Cottonbro Studio/Pexels
Source: Cottonbro Studio/Pexels

What Is Overparenting?

Overparenting is sometimes called "helicopter parenting". It occurs when a parent over-nurtures their child by doing things for them that they should be doing for themselves, making decisions for their child, especially when the child is old enough to make those decisions by themselves (Clarke and colleagues, 2014). Overparenting involves high control, protection, and over-involvement in their child's life. Overparenting can occur at any stage of a child's life.

It is seen as particularly problematic during emerging adulthood when the child is no longer a child but is striving to become an independent individual with a separate identity from their parents. Overparenting tends to make the emerging adult overly reliant on a parent to make decisions. It also robs the emerging adult of learning valuable life skills, making adulting very difficult.

Let me share a true story. During their senior year, psychology majors at my university are required to complete a full semester 450-hour internship. They interview for each position, which gives them real-life job search experience and skills. One of the site managers shared this story.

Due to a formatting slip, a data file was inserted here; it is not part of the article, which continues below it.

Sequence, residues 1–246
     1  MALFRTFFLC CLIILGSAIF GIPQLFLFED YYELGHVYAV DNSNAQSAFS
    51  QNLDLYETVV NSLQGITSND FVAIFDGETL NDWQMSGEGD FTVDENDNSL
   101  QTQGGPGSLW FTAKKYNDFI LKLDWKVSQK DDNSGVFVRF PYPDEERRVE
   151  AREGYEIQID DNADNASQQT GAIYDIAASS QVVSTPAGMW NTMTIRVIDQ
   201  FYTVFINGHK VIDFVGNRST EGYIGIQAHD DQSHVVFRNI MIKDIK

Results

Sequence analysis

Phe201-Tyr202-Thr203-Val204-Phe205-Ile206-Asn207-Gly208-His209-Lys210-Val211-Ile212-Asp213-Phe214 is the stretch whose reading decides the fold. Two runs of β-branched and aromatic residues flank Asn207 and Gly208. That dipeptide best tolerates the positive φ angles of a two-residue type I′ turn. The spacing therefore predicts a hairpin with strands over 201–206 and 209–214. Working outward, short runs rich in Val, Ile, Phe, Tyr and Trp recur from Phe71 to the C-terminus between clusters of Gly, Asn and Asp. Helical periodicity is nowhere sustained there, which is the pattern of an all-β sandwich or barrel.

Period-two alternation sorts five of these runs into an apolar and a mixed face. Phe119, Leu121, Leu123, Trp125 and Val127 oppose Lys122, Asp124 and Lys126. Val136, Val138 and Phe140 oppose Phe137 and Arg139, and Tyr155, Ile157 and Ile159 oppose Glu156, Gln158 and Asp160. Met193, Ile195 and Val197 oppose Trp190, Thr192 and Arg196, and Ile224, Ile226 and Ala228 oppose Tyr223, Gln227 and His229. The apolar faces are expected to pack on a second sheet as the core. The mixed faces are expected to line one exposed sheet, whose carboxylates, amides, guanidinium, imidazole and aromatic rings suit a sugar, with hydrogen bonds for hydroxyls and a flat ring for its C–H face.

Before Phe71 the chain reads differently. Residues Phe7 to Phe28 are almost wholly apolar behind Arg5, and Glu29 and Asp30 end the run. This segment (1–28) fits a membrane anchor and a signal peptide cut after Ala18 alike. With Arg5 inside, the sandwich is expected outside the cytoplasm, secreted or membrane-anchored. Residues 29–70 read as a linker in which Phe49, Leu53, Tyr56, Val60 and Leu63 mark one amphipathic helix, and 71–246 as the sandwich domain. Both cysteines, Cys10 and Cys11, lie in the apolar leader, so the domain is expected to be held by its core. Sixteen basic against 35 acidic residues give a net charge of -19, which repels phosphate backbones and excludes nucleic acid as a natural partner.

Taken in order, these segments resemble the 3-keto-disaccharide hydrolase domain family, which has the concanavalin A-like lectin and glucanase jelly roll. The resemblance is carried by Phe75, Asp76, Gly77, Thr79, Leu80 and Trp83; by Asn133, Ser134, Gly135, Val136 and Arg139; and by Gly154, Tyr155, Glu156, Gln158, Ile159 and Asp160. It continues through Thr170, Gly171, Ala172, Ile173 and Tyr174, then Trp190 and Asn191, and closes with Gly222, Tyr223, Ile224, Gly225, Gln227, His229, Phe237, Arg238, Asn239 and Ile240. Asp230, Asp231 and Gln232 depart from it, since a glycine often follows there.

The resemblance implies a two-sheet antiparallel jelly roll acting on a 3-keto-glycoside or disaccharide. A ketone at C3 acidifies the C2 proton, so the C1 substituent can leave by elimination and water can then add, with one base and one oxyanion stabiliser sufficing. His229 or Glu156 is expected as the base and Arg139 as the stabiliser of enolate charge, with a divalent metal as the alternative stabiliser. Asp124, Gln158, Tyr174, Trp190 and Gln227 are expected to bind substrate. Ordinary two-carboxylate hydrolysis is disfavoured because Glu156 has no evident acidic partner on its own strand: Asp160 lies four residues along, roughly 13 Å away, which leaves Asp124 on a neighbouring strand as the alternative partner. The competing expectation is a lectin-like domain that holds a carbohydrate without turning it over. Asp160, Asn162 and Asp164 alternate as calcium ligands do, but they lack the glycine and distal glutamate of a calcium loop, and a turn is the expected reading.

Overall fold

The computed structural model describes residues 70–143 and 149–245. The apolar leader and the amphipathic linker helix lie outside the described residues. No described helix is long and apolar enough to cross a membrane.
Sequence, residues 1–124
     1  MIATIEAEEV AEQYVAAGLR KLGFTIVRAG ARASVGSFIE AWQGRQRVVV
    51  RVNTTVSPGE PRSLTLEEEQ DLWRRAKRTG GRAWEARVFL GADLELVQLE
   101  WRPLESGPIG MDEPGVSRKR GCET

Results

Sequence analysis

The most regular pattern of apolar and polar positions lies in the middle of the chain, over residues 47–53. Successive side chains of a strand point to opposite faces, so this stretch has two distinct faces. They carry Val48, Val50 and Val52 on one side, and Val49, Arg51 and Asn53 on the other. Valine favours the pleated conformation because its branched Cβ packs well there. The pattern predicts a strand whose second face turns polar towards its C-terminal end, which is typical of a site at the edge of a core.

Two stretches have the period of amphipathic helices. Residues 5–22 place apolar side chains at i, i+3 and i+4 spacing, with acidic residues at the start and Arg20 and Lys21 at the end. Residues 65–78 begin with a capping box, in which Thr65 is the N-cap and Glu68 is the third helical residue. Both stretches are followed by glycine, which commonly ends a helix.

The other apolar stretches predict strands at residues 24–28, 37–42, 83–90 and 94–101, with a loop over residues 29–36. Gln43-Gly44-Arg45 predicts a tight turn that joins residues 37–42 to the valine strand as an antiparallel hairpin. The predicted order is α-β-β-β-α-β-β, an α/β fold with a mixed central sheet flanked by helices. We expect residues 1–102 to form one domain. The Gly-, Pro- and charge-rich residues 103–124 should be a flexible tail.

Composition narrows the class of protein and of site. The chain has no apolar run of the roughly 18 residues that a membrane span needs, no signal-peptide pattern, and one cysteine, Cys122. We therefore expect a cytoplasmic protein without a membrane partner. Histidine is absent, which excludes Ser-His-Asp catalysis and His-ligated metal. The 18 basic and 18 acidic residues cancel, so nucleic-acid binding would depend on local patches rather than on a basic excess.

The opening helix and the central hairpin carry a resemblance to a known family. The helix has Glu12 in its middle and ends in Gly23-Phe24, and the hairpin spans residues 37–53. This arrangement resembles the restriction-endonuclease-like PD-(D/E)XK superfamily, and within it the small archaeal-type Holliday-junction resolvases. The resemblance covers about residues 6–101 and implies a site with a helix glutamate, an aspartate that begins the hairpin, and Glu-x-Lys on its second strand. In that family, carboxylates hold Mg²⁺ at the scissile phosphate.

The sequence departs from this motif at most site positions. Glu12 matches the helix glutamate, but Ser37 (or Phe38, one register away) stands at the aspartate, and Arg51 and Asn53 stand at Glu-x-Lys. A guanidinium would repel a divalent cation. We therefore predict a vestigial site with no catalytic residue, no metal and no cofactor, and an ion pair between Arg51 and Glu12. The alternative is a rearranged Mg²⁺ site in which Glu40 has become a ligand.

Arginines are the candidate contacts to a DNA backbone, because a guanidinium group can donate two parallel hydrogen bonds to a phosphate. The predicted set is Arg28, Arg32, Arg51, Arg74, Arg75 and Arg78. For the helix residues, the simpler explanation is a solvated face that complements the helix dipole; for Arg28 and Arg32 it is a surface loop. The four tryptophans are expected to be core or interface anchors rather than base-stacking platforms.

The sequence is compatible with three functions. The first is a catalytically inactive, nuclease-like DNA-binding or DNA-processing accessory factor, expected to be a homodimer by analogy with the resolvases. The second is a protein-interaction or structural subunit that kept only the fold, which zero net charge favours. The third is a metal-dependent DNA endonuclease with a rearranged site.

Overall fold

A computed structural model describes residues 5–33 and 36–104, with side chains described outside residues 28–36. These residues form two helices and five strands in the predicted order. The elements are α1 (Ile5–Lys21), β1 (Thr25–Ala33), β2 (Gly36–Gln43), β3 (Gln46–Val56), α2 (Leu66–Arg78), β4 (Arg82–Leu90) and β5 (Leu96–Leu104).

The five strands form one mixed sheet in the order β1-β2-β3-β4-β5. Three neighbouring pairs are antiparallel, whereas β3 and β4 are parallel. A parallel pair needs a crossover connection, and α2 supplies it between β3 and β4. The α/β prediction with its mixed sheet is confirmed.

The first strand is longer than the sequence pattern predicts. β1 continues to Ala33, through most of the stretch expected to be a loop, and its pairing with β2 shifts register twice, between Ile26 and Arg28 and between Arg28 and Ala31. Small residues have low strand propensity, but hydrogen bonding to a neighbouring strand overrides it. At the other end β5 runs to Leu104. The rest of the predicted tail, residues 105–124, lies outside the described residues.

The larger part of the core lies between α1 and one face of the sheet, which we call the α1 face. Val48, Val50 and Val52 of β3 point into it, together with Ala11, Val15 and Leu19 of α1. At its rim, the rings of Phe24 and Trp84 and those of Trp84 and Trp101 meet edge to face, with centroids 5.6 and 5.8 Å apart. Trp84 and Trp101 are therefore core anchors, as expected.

At the end of the interview, she asked the prospective intern, "Do you have any questions?"

She replied, "No."

And then she said, "Mom, do you have any questions?"

Unbeknownst to the interviewer, the student interviewee had her mother listening to the interview on her phone. And then, her mom began cross-examining the site manager. She even called the site manager afterward to find out why her daughter didn't get the position. I am sure this mother had good intentions, but in the long run, she robbed her daughter of valuable life skills.

Overparenting, Loneliness, Social Anxiety In Emerging Adults

Chengfei Jiao and colleagues (2023) published a recent study that found overparenting to be a risk factor for emerging adults' well-being. The researchers investigated the association between overparenting, loneliness, and social anxiety in 287 emerging adults.

Participants completed an online survey two times, separated by a 12-week interval. The emerging adults completed a series of scales that measured the following:

  1. the overparenting behavior of their primary parent
  2. an emotion regulation scale